11 Things You Remember If You Grew Up As A '90s Kid

11 Things You Remember If You Grew Up As A '90s Kid

It was a different world back then.
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The Millennials are a unique generation. '90s babies, you are the only generation who grew up without technology and with technology, all within the span of 15 years. Now, you could navigate an iPhone in your sleep. But you also remember a time when iPhones didn’t exist. Here are some nostalgic memories you have if you were born in the mid-'90s.

1. Running around in bare feet.

You stepped on stickers in the yard and sprinted across sizzling hot roads in the summer. You would groan when Mom and Dad yelled at you to wash your feet off with the hose before coming inside.

2. Spending every hour of daylight outside.

You would try and sneak your Game Boy Color outside without your parents seeing, but you couldn’t see the screen in the sun, anyway. Mostly you played kickball and various made-up versions of baseball with the neighborhood kids.


3. The Sprinkler-Trampoline Duo.

One day, you realized that putting the sprinkler underneath the trampoline was a brilliant idea. Until your feet slipped out from under you on a jump and you crashed and burned hard. Didn’t stop you though. You practiced your backflip for hours in the cool water.

4. Roasting marshmallows on actual sticks.

Dad would start the fire, Mom supplied the s’mores stuff and you raced into the woods (or to the nearest tree) to find a worthy stick for the ‘mallows. After Dad sharpened it with his pocket knife, you were set for the rest of the night.

5. Asking your friends to come out and play.

You didn’t even know what a text message was at this point, let alone an iPhone. Every house had a landline, but you rarely used it. You just ran across the street and knocked on the door.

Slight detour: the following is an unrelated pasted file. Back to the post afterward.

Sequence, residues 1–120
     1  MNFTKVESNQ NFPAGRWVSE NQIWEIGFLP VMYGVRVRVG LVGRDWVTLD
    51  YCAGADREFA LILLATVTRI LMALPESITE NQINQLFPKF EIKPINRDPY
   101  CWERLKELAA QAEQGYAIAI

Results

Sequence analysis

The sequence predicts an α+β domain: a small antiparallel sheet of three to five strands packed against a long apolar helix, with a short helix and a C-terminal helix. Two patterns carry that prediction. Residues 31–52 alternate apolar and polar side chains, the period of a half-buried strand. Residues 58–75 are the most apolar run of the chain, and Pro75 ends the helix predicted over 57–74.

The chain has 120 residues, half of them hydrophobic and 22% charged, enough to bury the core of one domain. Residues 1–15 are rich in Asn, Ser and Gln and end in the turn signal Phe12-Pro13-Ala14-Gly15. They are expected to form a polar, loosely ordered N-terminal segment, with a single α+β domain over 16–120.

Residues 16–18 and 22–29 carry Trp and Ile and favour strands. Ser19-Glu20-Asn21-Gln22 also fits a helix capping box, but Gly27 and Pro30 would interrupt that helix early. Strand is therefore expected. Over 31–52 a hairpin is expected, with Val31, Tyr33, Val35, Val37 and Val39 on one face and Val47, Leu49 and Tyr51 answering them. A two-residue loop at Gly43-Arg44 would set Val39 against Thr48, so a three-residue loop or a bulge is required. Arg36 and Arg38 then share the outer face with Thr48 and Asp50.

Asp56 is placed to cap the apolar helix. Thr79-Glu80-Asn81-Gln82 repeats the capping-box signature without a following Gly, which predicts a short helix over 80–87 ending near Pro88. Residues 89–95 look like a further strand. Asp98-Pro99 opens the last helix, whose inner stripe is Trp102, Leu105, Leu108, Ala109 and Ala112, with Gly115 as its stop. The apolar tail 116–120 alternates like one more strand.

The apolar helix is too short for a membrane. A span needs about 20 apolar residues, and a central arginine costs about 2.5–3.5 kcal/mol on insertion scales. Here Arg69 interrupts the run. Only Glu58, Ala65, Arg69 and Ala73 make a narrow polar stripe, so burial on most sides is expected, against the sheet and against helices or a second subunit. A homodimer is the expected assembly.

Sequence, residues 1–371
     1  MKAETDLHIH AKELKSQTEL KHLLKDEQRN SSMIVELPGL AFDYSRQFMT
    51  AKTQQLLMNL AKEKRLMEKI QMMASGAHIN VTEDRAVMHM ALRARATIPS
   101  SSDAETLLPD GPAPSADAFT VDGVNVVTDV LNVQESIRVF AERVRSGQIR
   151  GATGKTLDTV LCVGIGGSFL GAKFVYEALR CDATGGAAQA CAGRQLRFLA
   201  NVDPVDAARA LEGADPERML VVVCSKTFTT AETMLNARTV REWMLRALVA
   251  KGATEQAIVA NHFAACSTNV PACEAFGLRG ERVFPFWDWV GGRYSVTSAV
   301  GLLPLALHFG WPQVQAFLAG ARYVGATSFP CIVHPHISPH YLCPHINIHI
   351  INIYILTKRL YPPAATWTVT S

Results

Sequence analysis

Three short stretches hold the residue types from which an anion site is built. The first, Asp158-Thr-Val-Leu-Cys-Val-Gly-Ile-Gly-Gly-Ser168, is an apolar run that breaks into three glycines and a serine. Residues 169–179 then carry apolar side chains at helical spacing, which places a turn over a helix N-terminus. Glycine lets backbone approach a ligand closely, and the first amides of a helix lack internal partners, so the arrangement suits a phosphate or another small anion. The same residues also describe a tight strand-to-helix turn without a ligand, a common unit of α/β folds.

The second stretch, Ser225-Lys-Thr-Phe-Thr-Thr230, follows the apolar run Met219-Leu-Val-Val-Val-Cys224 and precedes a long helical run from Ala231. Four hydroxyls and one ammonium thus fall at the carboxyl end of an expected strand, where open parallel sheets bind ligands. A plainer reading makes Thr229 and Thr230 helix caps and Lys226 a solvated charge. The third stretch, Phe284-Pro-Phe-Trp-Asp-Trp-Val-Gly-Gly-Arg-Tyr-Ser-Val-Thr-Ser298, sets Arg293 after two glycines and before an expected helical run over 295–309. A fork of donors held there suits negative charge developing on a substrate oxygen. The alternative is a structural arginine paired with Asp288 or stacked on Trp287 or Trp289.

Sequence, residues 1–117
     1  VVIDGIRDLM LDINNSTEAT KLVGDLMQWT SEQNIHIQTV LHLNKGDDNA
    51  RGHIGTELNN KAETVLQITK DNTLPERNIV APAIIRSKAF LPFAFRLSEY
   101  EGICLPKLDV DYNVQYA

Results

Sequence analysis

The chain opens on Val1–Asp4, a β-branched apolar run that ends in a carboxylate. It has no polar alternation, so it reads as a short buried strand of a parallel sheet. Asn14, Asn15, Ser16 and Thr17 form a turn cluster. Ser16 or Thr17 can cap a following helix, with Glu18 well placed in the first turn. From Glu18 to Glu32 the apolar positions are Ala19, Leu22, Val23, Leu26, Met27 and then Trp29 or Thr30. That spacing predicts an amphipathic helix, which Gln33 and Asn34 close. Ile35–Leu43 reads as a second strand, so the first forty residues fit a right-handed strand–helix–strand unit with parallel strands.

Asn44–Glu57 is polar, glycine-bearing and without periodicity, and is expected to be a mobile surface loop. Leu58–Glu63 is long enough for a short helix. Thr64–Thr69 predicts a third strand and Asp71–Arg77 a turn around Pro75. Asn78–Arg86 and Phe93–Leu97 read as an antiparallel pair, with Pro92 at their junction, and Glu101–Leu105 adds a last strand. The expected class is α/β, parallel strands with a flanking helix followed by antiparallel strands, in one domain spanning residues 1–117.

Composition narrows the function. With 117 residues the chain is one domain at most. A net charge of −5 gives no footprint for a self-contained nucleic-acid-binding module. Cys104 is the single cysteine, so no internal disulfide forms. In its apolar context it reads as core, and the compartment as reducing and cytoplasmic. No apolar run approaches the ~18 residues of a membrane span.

6. Boredom.

Being bored is a good thing, and you knew the feeling well. These were the times when you came up with the most imaginative games. You pretended to be warriors, tigers, pilgrims, cops, you name it. You would gather crabapples and serve them to your siblings as the rations from that day’s hunt. Totally normal.

7. Helping out in the garage.

This was back when cars weren’t completely computerized. If your dad needed to change the oil or replace a part, you were right there to hand him tools and hold the light. If you were lucky, he would let you under the car, too, but only after finding you a pair of safety glasses.

8. Mowing the lawn with a push mower.

If you had a big yard, this was an especially difficult task. You might have been paid for this chore, but most likely you just did it because you were told. These were back in the days when kids respected their parents, after all.

9. SNES and Nintendo 64.

You were only allotted about an hour at night for video games, and it was the fastest hour of the day. You were scared of the bosses in "Legend of Zelda" and "Donkey Kong," but you felt invincible once you beat them.

10. Lemonade stands.

Because nothing teaches kids the value of a dollar like selling Dixie cups of lemonade-flavored Kool-Aid for 25 cents a pop. Splitting the $10 profit with your friend at the end of the day made you feel like a million bucks.

11. Having to eat your dinner, even if you didn't like it.

You remember chewing a single bite of food for over 10 minutes because you didn't want to swallow it. Rarely could you actually get away with spitting out mouthfuls into your napkin. Every Brussels sprout was a traumatic experience. And if you wanted ice cream later, you had to eat every single one. But hey, you survived.

Cover Image Credit: The Mind Unleashed

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I'm The Girl Without A 'Friend Group'

And here's why I'm OK with it

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Little things remind me all the time.

For example, I'll be sitting in the lounge with the people on my floor, just talking about how everyone's days went. Someone will turn to someone else and ask something along the lines of, "When are we going to so-and-so's place tonight?" Sometimes it'll even be, "Are you ready to go to so-and-so's place now? Okay, we'll see you later, Taylor!"

It's little things like that, little things that remind me I don't have a "friend group." And it's been like that forever. I don't have the same people to keep me company 24 hours of the day, the same people to do absolutely everything with, and the same people to cling to like glue. I don't have a whole cast of characters to entertain me and care for me and support me. Sometimes, especially when it feels obvious to me, not having a "friend group" makes me feel like a waste of space. If I don't have more friends than I can count, what's the point in trying to make friends at all?